“… son, I told you that if you hadn’t lost your head I’d have made you go read to her. I wanted you to see something about her — I wanted you to see what real courage is, instead of getting the idea that courage is a man with a gun in his hand. It’s when you know you’re licked before you begin but you begin anyway and you see it through no matter what. You rarely win, but sometimes you do” (112).
That Atticus seemed to have lost some of his faith in the ability of the legal system to give justice to Boo Radley, the eccentric man that saved his children from the vindictive Bob Ewell is evident in his discussion with Sheriff Heck Tate and is often interpreted to indicate a pessimistic outlook on the ability of the courts to keep ‘White only’ signs out of the system. But this is not the case. He’s ready to go to court to establish a case of self-defense when he thinks Jem committed the murder, only willing to concede to Sheriff Tate’s story when he realizes the person in question is Boo Radley.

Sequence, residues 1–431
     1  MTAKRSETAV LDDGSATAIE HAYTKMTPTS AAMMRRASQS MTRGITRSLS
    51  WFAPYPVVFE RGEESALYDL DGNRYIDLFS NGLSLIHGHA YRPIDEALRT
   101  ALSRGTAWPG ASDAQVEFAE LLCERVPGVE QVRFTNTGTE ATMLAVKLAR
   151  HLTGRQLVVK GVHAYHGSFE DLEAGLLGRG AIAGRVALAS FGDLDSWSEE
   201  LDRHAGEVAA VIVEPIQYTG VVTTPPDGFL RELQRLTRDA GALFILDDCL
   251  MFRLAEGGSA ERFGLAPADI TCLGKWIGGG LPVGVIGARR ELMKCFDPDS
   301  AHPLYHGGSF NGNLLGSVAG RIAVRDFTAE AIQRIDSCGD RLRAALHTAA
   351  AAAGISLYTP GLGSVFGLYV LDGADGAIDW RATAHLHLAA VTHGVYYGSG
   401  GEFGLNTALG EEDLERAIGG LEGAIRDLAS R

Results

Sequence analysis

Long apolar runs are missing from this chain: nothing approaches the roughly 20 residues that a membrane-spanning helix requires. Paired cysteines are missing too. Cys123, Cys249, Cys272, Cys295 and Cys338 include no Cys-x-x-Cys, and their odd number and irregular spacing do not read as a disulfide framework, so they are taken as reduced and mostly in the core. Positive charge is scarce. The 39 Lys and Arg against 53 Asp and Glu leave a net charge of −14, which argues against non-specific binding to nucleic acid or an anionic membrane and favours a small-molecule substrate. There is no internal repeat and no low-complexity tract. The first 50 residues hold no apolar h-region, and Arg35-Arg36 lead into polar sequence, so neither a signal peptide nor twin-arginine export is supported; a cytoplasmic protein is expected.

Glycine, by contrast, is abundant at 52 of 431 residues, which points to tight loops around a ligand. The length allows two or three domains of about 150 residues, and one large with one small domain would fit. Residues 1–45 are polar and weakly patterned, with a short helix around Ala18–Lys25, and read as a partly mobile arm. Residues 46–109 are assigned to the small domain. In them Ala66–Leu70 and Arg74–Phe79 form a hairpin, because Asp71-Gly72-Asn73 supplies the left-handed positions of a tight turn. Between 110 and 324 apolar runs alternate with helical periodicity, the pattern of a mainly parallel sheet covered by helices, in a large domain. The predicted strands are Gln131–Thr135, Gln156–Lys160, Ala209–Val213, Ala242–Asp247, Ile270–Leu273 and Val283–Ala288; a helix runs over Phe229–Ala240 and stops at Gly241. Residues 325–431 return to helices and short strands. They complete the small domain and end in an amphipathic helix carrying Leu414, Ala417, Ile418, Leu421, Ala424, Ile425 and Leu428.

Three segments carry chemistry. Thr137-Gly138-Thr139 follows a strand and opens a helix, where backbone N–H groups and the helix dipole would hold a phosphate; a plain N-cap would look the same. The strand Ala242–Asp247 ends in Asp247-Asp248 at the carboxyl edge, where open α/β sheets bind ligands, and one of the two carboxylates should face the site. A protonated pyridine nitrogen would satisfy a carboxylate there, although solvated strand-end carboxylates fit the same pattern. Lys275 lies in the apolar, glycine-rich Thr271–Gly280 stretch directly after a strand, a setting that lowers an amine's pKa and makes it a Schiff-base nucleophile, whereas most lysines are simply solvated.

There are also several characters in the novel who represent the attitudes of the south and seem to indicate that there is little hope for the concept of change. These include Mrs. Dubose, the elder Radleys, and Bob Ewell. Mrs. Dubose is described as an irritable old woman who causes the children no end of grief. She expresses extreme pessimism regarding the breakdown of society in her constant disapproval of Scout as well as in her comments regarding the proper behavior of various members of society (Shackelford, 1996). Her racism is apparent as she yells at the children regarding their father’s case, “what has this world come to when a Finch goes against his raising … Your father’s no better than the niggers and trash he works for” (102). Similarly negative are the Radleys who lock up their son, Boo, following his misadventures with a group of adolescent boys, imposing a harsh punishment for normal activity. Through this continuous action, including the cruel concrete in the knot of the tree to block communication between the lonely man locked indoors and the inquisitive children outside, the family indicates strong disapproval and mistrust of the outer world as a whole. However, Bob Ewell presents the most pessimistic view of the white man. He is a deplorable man, consistently drunk, unwilling to provide for his family, and violently abusive. His disgust toward black people is seen to be symbolic of the general attitudes of the day.